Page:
May 19, 2014; Montreal, Quebec, CAN; New York Rangers left wing Benoit Pouliot (67) and Montreal Canadiens defenseman P.K. Subban (76) battle for the puck during the second period in game two of the Eastern Conference Finals of the 2014 Stanley Cup Playoffs at Bell Centre. Mandatory Credit: Jean-Yves Ahern-USA TODAY Sports

Montreal Canadiens Down, But Not Out Of Eastern Conference Final Yet


The Montreal Canadiens find themselves trailing the New York Rangers 2-0 in the Eastern Conference Final, and will be without their number one goaltender and most valuable player in Carey Price as they attempt to stage a comeback and advance to the Stanley Cup Final.

Though it seems bleak, and fans confidence in the team is waning, all is not lost just yet for this year’s Montreal Canadiens.

May 19, 2014; Montreal, Quebec, CAN; New York Rangers left wing Benoit Pouliot (67) misses a chance to score a goal against Montreal Canadiens goalie Dustin Tokarski (35) during the third period in game two of the Eastern Conference Finals of the 2014 Stanley Cup Playoffs at Bell Centre. Mandatory Credit: Jean-Yves Ahern-USA TODAY Sports

The Habs played perhaps their worst game of the postseason in Game 1, a 7-2 drubbing on home ice at the hands of the Rangers. In the process, they also lost Price to a knee injury and though they rolled over in the third period of Game 1, they bounced back in Game 2.

With Dustin Tokarski making his first start in the National Hockey League since March 16th, and first even NHL postseason appearance, the Habs came out flying in Game 2. Montreal stormed the Rangers end, and opened the scoring on a Max Pacioretty goal just over 6 minutes into the frame.

Unfortuately, Ryan McDonagh would fire a point shot that bounced off Josh Gorges leg and found its way just inside the post of the Habs goal, tying the game just 17 seconds later. New York took the lead with 1:02 to play in the period on a Rick Nash slap shot, that bounced off the arm of Tokarski before making its way over the line.

The Canadiens were down 2-1 after 20 minutes, but had controlled the play for long stretches and outshot the Rangers 14-9. They deserved a better fate that a 2-1 deficit.

The Canadiens took their foot off the gas in period two, and Martin St Louis made them pay, when a perfect one timer on the power play beat Tokarski just inside the post and crossbar 8:03 into the middle frame. Montreal was outplayed in the second period, but only allowed one power play goal, and came right back at the Rangers in the third.

May 19, 2014; Montreal, Quebec, CAN; Montreal Canadiens defenseman P.K. Subban (76) skates away from New York Rangers forward Chris Kreider (20) during the second period in game two of the Eastern Conference Final of the 2014 Stanley Cup Playoffs at the Bell Centre. Mandatory Credit: Eric Bolte-USA TODAY Sports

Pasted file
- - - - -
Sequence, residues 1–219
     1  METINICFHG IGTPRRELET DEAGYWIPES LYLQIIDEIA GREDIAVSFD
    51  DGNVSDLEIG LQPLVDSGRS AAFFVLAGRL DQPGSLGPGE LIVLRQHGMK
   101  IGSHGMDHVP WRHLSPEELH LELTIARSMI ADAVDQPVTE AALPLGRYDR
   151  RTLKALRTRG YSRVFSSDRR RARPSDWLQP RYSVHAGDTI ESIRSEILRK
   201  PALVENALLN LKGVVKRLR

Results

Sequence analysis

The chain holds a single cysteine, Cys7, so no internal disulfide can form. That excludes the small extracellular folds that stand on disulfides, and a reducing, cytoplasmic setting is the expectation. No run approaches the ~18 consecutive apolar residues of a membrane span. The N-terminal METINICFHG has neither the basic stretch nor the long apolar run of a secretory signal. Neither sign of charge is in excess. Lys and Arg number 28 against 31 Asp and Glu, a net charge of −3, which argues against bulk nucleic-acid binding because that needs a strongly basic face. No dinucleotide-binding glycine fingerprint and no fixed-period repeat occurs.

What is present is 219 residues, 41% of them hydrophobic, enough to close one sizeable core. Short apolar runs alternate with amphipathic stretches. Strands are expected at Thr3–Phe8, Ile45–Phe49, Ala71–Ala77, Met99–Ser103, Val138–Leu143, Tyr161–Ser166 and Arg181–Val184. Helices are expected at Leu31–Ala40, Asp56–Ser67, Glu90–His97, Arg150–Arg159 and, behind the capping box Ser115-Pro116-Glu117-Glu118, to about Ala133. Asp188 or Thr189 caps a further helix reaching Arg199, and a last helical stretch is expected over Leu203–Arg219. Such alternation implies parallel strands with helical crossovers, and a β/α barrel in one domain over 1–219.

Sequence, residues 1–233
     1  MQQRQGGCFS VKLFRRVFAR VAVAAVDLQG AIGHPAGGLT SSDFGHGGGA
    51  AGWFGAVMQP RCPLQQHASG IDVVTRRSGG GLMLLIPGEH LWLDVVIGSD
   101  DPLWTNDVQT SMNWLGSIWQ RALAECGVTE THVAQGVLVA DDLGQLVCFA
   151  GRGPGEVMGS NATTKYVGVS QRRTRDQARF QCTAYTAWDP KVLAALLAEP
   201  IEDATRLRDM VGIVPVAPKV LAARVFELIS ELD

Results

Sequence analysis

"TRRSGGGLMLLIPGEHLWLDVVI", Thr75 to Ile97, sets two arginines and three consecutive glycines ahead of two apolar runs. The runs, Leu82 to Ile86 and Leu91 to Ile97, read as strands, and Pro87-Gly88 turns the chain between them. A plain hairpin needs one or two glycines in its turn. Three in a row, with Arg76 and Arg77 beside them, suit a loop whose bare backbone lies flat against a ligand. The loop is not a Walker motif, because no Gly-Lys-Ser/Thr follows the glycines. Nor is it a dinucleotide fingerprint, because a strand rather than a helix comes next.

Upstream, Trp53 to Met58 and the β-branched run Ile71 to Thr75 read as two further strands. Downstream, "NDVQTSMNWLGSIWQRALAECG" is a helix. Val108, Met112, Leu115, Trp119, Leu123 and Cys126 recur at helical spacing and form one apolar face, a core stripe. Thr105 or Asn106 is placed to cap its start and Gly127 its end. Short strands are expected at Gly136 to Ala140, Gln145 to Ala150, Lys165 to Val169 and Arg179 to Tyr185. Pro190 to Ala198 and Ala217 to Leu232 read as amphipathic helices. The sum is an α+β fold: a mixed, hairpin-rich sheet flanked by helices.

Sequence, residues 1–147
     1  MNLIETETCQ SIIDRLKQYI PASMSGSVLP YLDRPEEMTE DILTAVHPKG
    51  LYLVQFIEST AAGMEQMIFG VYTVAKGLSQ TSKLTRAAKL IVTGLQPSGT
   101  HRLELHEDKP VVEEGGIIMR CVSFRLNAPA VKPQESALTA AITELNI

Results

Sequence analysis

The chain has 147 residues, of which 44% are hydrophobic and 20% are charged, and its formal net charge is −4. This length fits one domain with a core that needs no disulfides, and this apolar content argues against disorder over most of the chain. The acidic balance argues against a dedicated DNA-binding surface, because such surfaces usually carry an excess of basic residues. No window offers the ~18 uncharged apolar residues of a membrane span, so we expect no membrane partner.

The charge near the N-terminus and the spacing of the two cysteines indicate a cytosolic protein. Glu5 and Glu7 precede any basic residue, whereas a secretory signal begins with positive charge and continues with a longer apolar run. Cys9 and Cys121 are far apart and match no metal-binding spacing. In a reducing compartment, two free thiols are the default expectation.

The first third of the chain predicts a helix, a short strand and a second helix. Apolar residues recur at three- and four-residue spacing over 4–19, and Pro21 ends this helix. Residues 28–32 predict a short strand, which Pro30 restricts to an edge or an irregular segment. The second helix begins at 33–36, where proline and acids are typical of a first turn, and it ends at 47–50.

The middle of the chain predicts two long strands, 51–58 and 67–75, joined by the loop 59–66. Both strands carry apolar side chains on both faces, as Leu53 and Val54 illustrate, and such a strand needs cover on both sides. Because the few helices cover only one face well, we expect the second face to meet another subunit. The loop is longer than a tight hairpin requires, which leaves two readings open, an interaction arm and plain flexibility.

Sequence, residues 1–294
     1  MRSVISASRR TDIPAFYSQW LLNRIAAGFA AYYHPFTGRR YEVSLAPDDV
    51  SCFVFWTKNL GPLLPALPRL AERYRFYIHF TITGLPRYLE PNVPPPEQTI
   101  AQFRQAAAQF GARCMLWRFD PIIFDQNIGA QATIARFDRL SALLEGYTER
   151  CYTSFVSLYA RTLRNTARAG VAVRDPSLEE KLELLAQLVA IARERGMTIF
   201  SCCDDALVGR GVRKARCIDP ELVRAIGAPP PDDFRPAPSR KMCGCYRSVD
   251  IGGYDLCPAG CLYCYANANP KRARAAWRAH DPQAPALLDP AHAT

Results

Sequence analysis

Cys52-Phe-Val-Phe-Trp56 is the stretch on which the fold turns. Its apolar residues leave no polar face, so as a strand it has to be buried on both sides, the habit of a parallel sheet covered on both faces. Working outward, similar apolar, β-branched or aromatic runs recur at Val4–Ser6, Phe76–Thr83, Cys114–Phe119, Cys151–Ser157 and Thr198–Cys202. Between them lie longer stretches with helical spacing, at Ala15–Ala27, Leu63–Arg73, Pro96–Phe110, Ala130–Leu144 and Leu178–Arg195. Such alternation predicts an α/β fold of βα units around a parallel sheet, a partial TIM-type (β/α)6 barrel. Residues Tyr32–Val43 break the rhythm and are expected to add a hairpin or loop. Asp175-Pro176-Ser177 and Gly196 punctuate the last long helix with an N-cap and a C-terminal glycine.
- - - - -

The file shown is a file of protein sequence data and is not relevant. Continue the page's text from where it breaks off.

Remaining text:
The Habs absolutely dominated the third period, firing 19 shots at Henrik Lundqvist in the Rangers goal. Lundqvist was up to the task, and if not for several big saves by the Swedish netminder, the Habs could have closed the gap.

As the final buzzer sounded the Rangers held on to their 3-1 lead which gives them the all important two games to zero edge in the series. However, the Canadiens have plenty of reasons to be optimistic heading into Madison Square Garden for Game 3.

Their top line of Max Pacioretty, David Desharnais and Brendan Gallagher dominated the Rangers throughout Game 2. As a line, they took 24 shots attempts at 5 on 5 while New York was only able to attempt three shots when Montreal’s best unit was playing. Only one of those Ranger shots actually hit the net, while Montreal’s trio had nine shots. Their third line of Lars Eller, Rene Bourque and Brian Gionta was not as dominant, but had 54% of the shot attempts while on the ice.

Dustin Tokarski may have allowed three goals on 30 shots, but he played well, and kept the game close when the Rangers had a two goal lead. He may not be able to match the play of Lundqvist, or replace Price, but the Habs should be confident they will receive a good performance from their inexperienced goaltender.

The Canadiens have also played great on the road this postseason. They opened their playoffs with a pair of victories in Tampa Bay to take a 2-0 lead right out of the gate. They were also able to split four games in Boston in the second round, one of the toughest buildings for visitors all season. Montreal won Game 1 in Boston, and then won Game 7 by a score of 3-1. MSG should not intimidate this team in any way.

The Canadiens are certainly not in an envious position after hosting a pair of games in this series, but if they can get a little more our of their second line of Tomas Plekanec, Tomas Vanek and Alex Galchenyuk, they will have three lines capable of scoring on any shift.

The Habs may be down, but they are far from out of this series.

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